Do We Need a New Understanding of Human Rights?

By FredrickHobbs

In a nation where some people put greater value on the lives of pets than that of humans, it is time to rethink what it means to be humane to another human being. While I agree, it is inhumane to abuse animals. Our society, however, has become a travesty because of the insensitive attitude towards one another. Some of us seem to be less concerned about abuse to humans. And this is a violation of our human right to be emotionally safe.

We the people believe we are protected because we have a military, police force and a prison system. Yet, there is no code of ethics when it comes to the emotional abuses human beings experience from one another. Those abuses include and are not limited to invalidation, blaming, proving someone wrong, justifying inappropriate behavior and dong our best to dominate another. Even those who perpetuate being the victim without taking responsibility or those who constantly play the infamous devil’s advocate are included in the list of offenders.

From an intimate perspective, when lack the skills get in the way of matrimony, we think divorce is the solution. The divorce process ranks as one of the most inhumane activities a person can experience. And we drag our children through it as though they should get over it. Unfortunately, they never do.

In addition, parents, teachers and the youth emotionally and physically abuse our children. Furthermore, those same children are exposed to verbal and physical violence in the media as well as their communities. What do we do as adults? We look the other way. We are more easily disturbed emotionally when we see abuse towards animals.

We have become desensitized about mistreatment towards human beings. Unfortunately, our children have also become emotionally indifferent about violence. Apathy towards violence is part of the culture of being a child in the US. Therefore, there should be no surprise when our youth open fire with a violent rage towards other children.

This dilemma of violence has become the responsibility of the nation, not the parents of so-called bad children. Children only imitate adults. For example, every time you get into your car and demonstrate road rage, you contribute to the desensitization of violence. The same happens when you emotionally abuse your child or significant other.

Emotional abuse has become so pervasive that people have come to believe that it is part of being human. We manipulate one another in business, family and love affairs. While it seems we are winning, we are pushing societal values down one more notch.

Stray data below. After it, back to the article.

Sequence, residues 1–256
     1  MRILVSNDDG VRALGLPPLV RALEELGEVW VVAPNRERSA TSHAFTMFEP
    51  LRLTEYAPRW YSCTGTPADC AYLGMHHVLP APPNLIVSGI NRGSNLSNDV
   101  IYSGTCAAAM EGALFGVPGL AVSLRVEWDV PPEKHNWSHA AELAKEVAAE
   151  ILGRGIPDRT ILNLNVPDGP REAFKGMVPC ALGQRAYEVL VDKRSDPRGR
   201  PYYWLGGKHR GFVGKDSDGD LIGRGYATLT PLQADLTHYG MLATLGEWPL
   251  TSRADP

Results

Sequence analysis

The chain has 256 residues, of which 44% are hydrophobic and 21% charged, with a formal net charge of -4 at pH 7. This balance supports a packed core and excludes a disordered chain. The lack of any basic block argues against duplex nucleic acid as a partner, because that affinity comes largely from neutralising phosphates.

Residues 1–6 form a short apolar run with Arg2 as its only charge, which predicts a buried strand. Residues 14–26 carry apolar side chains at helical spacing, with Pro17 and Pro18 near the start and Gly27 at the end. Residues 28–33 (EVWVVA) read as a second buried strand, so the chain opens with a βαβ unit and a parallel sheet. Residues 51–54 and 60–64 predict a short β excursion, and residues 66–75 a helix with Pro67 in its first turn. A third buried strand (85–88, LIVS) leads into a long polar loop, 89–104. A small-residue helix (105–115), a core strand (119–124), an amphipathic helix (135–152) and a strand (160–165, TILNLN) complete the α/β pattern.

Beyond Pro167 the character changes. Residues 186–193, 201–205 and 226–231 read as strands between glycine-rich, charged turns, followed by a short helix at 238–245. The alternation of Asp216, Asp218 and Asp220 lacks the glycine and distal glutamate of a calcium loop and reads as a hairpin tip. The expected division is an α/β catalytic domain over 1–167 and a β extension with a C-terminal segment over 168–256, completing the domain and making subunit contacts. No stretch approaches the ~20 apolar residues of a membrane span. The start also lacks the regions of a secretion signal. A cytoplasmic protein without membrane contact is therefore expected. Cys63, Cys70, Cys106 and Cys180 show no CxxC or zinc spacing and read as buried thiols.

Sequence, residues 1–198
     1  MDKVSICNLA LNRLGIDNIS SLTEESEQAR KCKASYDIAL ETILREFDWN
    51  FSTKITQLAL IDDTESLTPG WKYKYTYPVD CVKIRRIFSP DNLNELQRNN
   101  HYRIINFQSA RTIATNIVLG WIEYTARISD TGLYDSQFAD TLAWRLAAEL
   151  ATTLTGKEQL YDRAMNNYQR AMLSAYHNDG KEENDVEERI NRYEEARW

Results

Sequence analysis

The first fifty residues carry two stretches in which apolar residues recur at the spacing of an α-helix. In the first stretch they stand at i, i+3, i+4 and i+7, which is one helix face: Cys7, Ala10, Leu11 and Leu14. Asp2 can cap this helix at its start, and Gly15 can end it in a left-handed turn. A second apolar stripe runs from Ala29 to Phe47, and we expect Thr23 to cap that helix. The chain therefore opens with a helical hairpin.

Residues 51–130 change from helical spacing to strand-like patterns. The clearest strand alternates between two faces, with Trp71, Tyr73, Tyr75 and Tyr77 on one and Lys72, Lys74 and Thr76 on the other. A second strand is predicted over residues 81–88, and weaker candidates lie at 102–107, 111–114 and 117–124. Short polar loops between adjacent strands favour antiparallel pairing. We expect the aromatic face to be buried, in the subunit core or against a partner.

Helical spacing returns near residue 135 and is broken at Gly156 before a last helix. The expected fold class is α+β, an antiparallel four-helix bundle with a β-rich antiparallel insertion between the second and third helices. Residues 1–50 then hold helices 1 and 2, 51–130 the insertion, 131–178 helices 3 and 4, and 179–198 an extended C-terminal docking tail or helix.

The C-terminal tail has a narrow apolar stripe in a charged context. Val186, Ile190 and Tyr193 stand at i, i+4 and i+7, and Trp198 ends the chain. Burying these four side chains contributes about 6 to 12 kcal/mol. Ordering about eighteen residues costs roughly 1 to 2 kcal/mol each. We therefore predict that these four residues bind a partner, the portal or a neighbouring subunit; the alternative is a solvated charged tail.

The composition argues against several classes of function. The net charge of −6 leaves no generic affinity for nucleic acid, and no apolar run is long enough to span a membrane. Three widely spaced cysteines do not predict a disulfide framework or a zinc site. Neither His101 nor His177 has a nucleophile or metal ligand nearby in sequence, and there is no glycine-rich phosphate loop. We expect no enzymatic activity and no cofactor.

Worse yet, we admire and reward the harsh manager who is verbally abusive to his subordinates. We call him a tough and successful businessman. The fact we continue to reward this attitude in business exacerbates the situation. We never look at the cost. When we do pay a price for this delinquent adult behavior, it shows up in our children. And as we deny our contribution to the bad behavior of children, we blame it on gun control and politics.

If you observe closely, you will see that guns don’t kill. People do. If you examine why people kill, you will find that the culture of what it means to be a human being allows anger to be expressed through guns. Adults legalize killing by calling it war or law enforcement.

Until every adult on the planet has had enough of the violence in any form, it will continue. Perhaps it will stop when the children turn against us in devastating masses.

If you truly want to stop the violence, stop it in your own home. Be more humane towards your significant other. Eliminate manipulation from your mind. Stop the road rage. Turn the television off for a week or month. Engage your family in activities that empower everyone and make you closer. Take a walk together. Make sure the family eats together. Get to know one another everyday, not when something is wrong.

There are an infinite number of activities you can do with your close ones that can serve as new experiences or learning opportunities. The choice is yours.

How will you contribute to eliminating violence in your community?